Executive director: Circus is still coming despite city’s ban

Published 6:31 pm Tuesday, January 16, 2018


NATCHEZ — The head of a circus group scheduled to perform in Natchez next month said Tuesday that despite city aldermen’s prohibition of his group performing in the city, the show would go on.

Stellar Entertainment Executive Director Jim Davis said that his group, Garden Bros. Circus, would still come to Natchez as planned on Feb. 2., after aldermen unanimously voted last Friday to bar the group’s circus animal performances in the auditorium or on city property.

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Davis said the city “jumped the gun” by voting impulsively without all the necessary information.

“It’d be like (a person) taking somebody to trial because somebody told them they did something,” Davis said. “How do you take secondhand information and not know the facts on both sides and make a decision?”

Their vote stemmed from pressure received via emails from the People for the Ethical Treatment of Animals (PETA) about animal abuse concerns.

Aldermen said at Thursday’s meeting that they were aware of the allegations brought forth by PETA.

Davis, however, categorically denied claims levied against the group by PETA, and said the circus’ animals were already not to perform in the auditorium, which is leased by the city to Christ Life Church.

“If (the city’s) concern was the animals, there’s not going to be any animals performing, so that’s not going to be a concern,” he said.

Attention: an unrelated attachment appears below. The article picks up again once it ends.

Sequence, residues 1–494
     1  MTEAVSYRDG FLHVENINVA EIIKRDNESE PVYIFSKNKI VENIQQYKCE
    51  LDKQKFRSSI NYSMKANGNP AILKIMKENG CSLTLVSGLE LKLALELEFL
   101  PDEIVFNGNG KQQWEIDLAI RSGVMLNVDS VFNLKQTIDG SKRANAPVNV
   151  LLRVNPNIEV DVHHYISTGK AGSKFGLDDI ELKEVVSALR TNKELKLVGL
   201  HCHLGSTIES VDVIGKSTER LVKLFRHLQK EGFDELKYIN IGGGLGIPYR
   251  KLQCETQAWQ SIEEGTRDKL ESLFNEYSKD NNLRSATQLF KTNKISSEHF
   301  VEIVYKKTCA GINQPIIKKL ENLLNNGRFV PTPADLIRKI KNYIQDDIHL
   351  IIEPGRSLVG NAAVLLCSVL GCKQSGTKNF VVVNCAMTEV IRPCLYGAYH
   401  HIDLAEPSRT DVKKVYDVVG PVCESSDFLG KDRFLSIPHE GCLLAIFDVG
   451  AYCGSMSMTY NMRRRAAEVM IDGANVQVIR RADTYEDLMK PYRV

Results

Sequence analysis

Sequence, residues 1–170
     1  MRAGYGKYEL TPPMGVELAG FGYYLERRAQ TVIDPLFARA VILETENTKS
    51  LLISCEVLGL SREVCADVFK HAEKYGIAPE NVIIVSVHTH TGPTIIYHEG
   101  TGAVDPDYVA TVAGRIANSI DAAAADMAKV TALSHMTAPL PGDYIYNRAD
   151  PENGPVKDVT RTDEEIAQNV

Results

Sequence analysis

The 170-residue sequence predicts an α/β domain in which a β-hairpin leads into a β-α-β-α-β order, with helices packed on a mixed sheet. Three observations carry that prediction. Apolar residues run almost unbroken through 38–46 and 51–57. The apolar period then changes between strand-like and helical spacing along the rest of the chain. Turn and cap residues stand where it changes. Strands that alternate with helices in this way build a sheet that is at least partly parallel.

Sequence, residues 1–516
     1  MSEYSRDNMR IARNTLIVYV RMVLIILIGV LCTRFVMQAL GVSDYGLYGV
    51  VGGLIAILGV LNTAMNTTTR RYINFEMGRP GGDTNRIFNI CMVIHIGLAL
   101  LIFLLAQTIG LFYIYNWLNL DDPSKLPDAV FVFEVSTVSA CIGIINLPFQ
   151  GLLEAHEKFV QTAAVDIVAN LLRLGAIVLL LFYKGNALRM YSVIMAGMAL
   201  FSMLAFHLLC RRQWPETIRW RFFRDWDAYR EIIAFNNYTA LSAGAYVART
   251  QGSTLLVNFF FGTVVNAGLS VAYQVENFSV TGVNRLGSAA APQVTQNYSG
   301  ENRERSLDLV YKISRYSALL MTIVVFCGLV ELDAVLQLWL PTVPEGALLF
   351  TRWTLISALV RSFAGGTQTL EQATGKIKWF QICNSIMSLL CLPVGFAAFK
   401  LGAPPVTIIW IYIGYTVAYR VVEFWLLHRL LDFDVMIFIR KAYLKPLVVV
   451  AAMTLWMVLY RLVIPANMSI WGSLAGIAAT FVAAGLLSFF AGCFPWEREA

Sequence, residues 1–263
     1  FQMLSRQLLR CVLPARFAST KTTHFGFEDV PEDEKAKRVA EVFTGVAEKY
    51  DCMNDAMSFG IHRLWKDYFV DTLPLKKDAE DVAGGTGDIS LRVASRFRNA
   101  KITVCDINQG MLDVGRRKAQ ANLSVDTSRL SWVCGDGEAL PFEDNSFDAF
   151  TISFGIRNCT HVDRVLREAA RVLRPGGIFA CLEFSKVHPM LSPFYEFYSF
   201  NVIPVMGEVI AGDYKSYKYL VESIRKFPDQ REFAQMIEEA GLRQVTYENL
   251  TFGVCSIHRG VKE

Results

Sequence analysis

Davis said the group would adhere to a clause in its contract with the auditorium stating that animals are not allowed in the facility.

Some of the claims PETA has made against Garden Bros. include electrically shocking elephants and causing them to bleed through the use of hook-like tools, citing a former employee as a source of a Sept. 5, 2017 news release.

Davis said the group has a clean track record and that their animals “see doctors more than I do.”

The group, he said, is also subject to monthly inspections by certified veterinarians to ensure the animals are not injured, malnourished or mistreated. Davis added that these veterinarians also perform surprise inspections occasionally.

“Every month, we get a clean bill of health,” Davis said.

Davis claimed that arenas the circus travels to receive between 1,500 and 3,000 emails each day attempting to pressure groups out of hosting performances.

“What they do is strictly terrorism,” Davis said.

After reaching out to city aldermen Wednesday, Davis said he hopes the two sides can resolve the situation. If not, he still plans to bring the circus to town.

“If nothing else, we’ll be parked at the auditorium and just wave to people and tell them to thank their aldermen that you can’t (see the show) because they jumped the gun,” Davis said.

Davis also said he hopes neither side has to resort to litigation.

Natchez City Attorney Bob Latham said he would check with the board to see how they wanted to handle the situation given Davis’ comments.

“We will have to have some communication with them just to see what issues are out there and see how the board feels about it, if indeed they are just bringing some performers and there are no animals (performing),” Latham said.